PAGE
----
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Investors want to buy hotels, they really do. The question is: Is now the best time, or should they wait another six to 18 months?

Two surveys of investor sentiment brought to light their desire to acquire lodging properties, even as they remain unsure about the market’s near-term future. Holding them back in large part is a wide gap between seller’s expectations and what buyers are willing to pay.

In its biannual Hotel Investor Sentiment Survey, released in the spring, Jones Lang LaSalle found respondents have a negative outlook for industry performance over the next six months. However, their medium-term view for the next two years is more bullish.To access the full report, click here.

“Investors are ready to invest,” says Arthur Adler, managing director and CEO for Jones Lang LaSalle Hotels. “There are still obviously concerns in the credit markets. They know the industry hasn’t yet hit bottom but if they could find investments that are priced properly given current market conditions, they are ready to buy now and certainly in six months. The issue is there is still a bid/ask spread.”

For his part, Adler says he was surprised that the medium-term outlook was so positive, given the general consensus that a recovery is not in the cards until mid-2010.

“Not withstanding that, investors are almost like race horses at the starting gate,” he says. “They want to run, they’re just waiting for the gates to open. Bidding activity has been very active, yet it’s very difficult to value properties in this market.”

Potential investors run the gamut from real estate investment trusts, private equity, owner/operators, some institutional capital, high-net-worth individuals and offshore money. “They are starting to dip their toe in the water,” Adler states.

Meanwhile, the Lodging Industry Investment Council recently released its top 10 list of opportunities and challenges culled from the responses of investors, lenders, corporate real estate executives, REITs and public hotel company leaders, brokers and equity sources. When asked if they would invest in hotels today, 41% said they planned to acquire REO assets directly from lenders, with an equal numbers seeking to acquire notes. However, 92% of investors related that they had not closed a deal in 2009.

Michael Cahill, CEO of HREC and co-chairman of LIIC, says that his firm is currently marketing 55 properties for sale. “The problem is they are very difficult to close right now,” he finds. “A lot of people are waiting for the official bottom to come. There’s a lot of uncertainty, and operating fundamentals continue to decline. A lot of people don’t want to buy a hotel and then have the revenue go down another 10% after they buy it.”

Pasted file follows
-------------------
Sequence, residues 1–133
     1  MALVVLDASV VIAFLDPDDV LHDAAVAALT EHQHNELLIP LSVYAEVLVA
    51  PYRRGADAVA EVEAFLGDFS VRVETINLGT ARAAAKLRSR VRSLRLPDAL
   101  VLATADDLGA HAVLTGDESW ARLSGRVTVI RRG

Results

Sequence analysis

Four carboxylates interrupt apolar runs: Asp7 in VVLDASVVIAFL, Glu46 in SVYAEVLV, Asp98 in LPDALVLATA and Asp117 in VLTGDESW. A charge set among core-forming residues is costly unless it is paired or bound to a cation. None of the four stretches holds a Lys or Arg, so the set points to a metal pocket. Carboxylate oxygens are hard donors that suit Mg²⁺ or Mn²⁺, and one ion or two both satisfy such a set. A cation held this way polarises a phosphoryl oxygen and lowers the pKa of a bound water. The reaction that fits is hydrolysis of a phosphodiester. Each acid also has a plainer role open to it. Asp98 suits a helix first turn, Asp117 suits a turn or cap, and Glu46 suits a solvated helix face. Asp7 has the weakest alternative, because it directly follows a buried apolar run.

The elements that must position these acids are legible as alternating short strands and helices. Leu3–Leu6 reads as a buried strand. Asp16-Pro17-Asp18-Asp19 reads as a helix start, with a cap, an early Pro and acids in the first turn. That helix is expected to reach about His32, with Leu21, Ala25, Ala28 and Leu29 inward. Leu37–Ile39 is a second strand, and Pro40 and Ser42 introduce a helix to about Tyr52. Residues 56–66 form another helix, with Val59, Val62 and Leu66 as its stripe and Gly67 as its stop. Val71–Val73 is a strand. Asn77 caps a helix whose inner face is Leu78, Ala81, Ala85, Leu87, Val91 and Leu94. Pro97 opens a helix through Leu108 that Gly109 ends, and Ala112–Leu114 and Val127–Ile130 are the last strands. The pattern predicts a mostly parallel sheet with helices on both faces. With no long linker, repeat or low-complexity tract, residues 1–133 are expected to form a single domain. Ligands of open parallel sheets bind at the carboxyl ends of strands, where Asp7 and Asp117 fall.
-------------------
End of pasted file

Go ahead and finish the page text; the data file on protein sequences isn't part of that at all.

However, Cahill reports that his firm has seen an uptick in activity in the past four weeks with six new deals put under contract. “A lot of buyers are just now starting to jump in, saying, I might not be able to time it perfectly but we must be as close to the bottom as we are going to get.”

Chances are, they will have a sizable number of properties to peruse. Predictions are that between 2,000 and 5,000 hotels may end up in the hands of lenders. “Most lenders, especially special servicers, are not the business of owning, renovating and operating hotels,” Cahill says. “They are in the business of loaning money, and those people will put those hotels on the market.”

Overall, this year’s LIIC survey was marked by an overriding sense of uncertainty, Cahill says. Using a baseball metaphor, 61% of the respondents said the industry is in the first inning of a new hotel investment cycle. Meanwhile, 39% stated they are unsure if the industry has either reached the bottom of the previous cycle or if it has already made it through the first inning. Moreover, 44% predict the recession will end in nine months, with 56% saying it will continue for up to 18 months.

“The question is, are we redefining what innings mean?” Cahill wonders. “Is there an operational cycle versus a real estate finance cycle? There was a higher degree of variability in the answers this time than ever before and it says people are uncertain.”

Yet Cahill is certain of one thing—if an investor can cobble together the debt and equity, the next 12 to 18 months will present a plethora of great buying opportunities because of drastic price declines and the sheer volume of properties that will go on the auction block.

“Five years from now,” he says, “the guys who bought this year and next year are going to be selling their hotels for two to three times the purchase prices.”

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